SHOTDesert sentinelBy Marilyn V. Chamberlain...


May 30, 1999


Desert sentinel

By Marilyn V. Chamberlain, Baltimore

Lots of red rocks, hoodoos and all sorts of strange formations show nature's power and create a fascinating Southwestern view. This picture was taken outside Sedona, Ariz., and, as the sky indicates, it was the prelude to a swift-moving spring snowstorm.


Fond farewell to Luxembourg

By Richard Basch

Special to the Sun

The first time I flew Icelandic Airlines, I hauled a duffel bag full of hope and a young wife from New York to Belgium via Luxembourg. The 1970s plane was a DC-8 and the flight was straight out of the Marrakesh Express, filled with day-trippers, the pungent fragrance of pot, knapsacks and hair defiantly and proudly free of shampoos and conditioners. It wasn't the Concorde for my generation. We traveled to Europe on the cheap.

My wife and I were on our way to live in Brussels, she to play the violin in the Royal Belgian Opera Orchestra and I to make movies throughout Europe. We were Hemingway and Hadley, Scott and Zelda, brimming with artistic talent.

Icelandic, the airline, mirrored our spirits. It made no pretenses. The gilded who had no time for a weeklong ocean voyage booked passage on Pan Am, TWA and BOAC, proud global airlines. There were no Virgins on the North Atlantic, no upstarts. Just Icelandic Airlines, a Third-Worldish carrier with just one class -- steerage.

I liked an airline that didn't belong to the country club. So, it was a tremendous jolt in January to discover that the last flight of Icelandair from Luxembourg was imminent. Icelandair, the current incarnation of Icelandic Airlines, had joined the International Air Transport Association of all the major airlines and had spread its reach into Europe, ceasing to be a "Third World airline." I felt a pang of loss and so I decided to make a pilgrimage to salute the last voyage of a beloved passage.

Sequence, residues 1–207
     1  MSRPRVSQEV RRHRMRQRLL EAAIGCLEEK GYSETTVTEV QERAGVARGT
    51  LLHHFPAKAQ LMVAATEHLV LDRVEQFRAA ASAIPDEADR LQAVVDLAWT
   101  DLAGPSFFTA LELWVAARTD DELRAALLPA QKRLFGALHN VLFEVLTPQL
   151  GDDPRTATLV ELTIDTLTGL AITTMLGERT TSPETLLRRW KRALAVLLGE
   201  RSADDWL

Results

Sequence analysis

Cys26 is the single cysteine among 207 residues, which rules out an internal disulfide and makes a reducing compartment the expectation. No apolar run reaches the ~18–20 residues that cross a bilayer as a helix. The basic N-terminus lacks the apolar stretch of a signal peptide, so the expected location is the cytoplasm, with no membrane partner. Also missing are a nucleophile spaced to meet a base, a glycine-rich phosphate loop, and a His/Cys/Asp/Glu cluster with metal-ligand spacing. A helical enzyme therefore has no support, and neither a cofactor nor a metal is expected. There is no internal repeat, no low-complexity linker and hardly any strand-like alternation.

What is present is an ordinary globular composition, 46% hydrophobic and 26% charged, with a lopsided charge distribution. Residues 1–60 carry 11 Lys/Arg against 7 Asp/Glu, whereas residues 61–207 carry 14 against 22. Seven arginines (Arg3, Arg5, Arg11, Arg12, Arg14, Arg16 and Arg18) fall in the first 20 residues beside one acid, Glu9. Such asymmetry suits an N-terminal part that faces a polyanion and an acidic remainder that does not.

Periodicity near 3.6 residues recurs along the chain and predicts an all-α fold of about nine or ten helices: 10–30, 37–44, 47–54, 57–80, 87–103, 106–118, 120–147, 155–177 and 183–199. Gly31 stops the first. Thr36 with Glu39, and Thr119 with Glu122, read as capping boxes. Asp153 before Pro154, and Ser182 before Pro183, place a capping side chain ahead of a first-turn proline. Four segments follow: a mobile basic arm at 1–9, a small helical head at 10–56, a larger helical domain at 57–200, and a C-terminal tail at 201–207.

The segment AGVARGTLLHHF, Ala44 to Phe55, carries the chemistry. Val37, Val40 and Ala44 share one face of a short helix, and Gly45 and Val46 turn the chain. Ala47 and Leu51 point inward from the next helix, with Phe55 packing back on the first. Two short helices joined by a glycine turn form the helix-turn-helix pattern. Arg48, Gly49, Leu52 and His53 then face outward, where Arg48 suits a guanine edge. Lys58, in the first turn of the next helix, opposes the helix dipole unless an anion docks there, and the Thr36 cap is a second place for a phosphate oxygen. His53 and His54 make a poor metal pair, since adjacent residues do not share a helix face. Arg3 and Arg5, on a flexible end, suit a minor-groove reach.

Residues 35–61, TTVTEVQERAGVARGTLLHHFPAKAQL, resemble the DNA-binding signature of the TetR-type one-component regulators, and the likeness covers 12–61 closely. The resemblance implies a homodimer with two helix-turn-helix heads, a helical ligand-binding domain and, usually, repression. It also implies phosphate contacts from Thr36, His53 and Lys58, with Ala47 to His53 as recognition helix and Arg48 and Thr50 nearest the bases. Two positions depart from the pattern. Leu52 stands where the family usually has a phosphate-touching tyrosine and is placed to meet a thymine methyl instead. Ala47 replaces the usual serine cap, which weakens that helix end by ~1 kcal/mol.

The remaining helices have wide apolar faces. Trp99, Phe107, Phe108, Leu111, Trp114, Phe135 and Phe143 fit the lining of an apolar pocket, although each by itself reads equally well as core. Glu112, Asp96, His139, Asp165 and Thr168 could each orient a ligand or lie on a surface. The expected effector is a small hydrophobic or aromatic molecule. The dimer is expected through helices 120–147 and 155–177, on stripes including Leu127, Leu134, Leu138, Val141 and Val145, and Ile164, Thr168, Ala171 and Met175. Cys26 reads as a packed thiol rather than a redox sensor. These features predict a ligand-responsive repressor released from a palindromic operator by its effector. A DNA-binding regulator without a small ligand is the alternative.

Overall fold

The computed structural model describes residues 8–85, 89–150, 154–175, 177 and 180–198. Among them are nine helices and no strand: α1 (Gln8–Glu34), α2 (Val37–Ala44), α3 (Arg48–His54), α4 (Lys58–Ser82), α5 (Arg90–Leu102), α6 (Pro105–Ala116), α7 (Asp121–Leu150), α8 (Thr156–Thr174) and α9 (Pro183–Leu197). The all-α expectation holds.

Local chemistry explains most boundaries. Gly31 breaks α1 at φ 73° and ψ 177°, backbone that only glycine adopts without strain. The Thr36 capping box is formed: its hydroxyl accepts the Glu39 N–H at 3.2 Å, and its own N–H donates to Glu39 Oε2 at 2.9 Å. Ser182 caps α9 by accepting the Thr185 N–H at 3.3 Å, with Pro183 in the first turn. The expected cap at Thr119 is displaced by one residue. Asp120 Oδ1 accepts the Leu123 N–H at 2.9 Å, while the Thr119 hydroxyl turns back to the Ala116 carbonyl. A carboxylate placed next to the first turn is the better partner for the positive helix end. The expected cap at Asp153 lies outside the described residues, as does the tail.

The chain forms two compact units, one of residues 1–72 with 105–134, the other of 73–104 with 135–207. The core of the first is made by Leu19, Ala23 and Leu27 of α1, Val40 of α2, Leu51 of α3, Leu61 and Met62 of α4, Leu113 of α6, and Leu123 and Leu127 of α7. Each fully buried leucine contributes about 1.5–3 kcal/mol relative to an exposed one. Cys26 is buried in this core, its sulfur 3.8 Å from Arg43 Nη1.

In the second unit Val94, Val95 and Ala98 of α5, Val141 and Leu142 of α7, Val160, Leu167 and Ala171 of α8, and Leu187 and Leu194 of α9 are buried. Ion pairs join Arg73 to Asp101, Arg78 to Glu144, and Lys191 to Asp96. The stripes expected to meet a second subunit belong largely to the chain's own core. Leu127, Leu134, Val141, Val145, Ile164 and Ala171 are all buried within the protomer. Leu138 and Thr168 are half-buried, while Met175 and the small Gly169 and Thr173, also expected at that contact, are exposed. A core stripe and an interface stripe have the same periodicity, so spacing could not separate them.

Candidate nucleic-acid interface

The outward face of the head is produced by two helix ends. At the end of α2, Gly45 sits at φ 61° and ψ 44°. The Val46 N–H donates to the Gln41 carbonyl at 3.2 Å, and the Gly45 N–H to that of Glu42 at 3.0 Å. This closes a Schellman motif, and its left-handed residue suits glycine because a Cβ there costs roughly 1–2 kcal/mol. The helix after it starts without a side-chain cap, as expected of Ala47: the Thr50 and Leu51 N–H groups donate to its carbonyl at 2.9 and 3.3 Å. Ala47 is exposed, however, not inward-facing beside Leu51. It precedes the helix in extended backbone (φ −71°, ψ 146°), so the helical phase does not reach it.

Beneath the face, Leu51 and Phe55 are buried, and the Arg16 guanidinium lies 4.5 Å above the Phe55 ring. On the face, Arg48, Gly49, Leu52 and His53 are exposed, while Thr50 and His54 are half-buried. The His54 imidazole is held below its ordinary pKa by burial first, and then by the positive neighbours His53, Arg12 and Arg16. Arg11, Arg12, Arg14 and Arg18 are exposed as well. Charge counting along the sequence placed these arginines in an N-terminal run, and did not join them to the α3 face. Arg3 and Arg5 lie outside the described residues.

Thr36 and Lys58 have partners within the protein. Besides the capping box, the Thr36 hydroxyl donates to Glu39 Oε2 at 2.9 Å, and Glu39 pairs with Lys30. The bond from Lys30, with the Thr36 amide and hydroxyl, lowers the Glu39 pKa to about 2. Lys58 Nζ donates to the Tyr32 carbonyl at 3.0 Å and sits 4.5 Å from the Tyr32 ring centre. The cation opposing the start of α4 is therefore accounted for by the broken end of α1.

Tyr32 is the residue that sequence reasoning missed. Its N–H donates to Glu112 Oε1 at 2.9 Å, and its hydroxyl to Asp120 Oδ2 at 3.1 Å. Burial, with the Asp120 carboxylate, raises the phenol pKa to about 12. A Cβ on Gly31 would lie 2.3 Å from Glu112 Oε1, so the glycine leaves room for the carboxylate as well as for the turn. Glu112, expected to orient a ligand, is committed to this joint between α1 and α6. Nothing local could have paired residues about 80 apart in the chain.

Luxembourg is a Teutonic Pixieland, a kind of attic to Belgium, France and Germany. I suppose that's one of the reasons it was such a good point of departure for so many long-ago adventures. When I got to the airport, I was almost pleased to find that the flight was three hours late, as it would let me reminisce with some of the other travelers. I was surprised that nobody seemed to mind. I mounted the stairs to the 757 and entered the business-class cabin for the four-hour flight to Iceland. Nothing at all was wrong. Everyone was kind, the service and the food were superior. All in all, Icelandair has no need to apologize about anything. It's just that it lacks the flavor of the old days.

Where was the brass band, the banner ("Goodbye, Hippies") the plaque ("I flew on Icelandair's last flight from Luxembourg")? Nothing. All that energy, all those sweet hopes and prayerful paradigms were not noticed. Like a sign for departing flights in an international airport, the letters and numbers whirled around and something else was in place where a host of prayers once had found a home for a generation.

Richard Basch lives in Washington.


What is your favorite spot in New York City? And why?

Brooklyn Bridge Walkway

Christopher Kilgore,


"High above busy East River boat traffic, cars whizzing beneath your feet, you're amid a throng of walkers and bicyclists crossing the bridge between Brooklyn and Manhattan. Here is the best view in New York. A person feels a part of the vast Manhattan skyline, and a bit larger than life."

Strawberry Fields

Mike Strzelecki,


"Amid the chaos of Gotham, along Central Park's west side, is the peaceful sanctuary of Strawberry Fields, the secluded park paying tribute to John Lennon. Here you can read a book, catch a snooze, watch the interesting mix of humanity pass and feel the peace that Lennon forever sought."

Times Square

Stephen R. Rourke,


"For me, it's Times Square and the historic Broadway theaters, with their irreplaceable European-style architecture and their stages on which so much of this country's culture was born."

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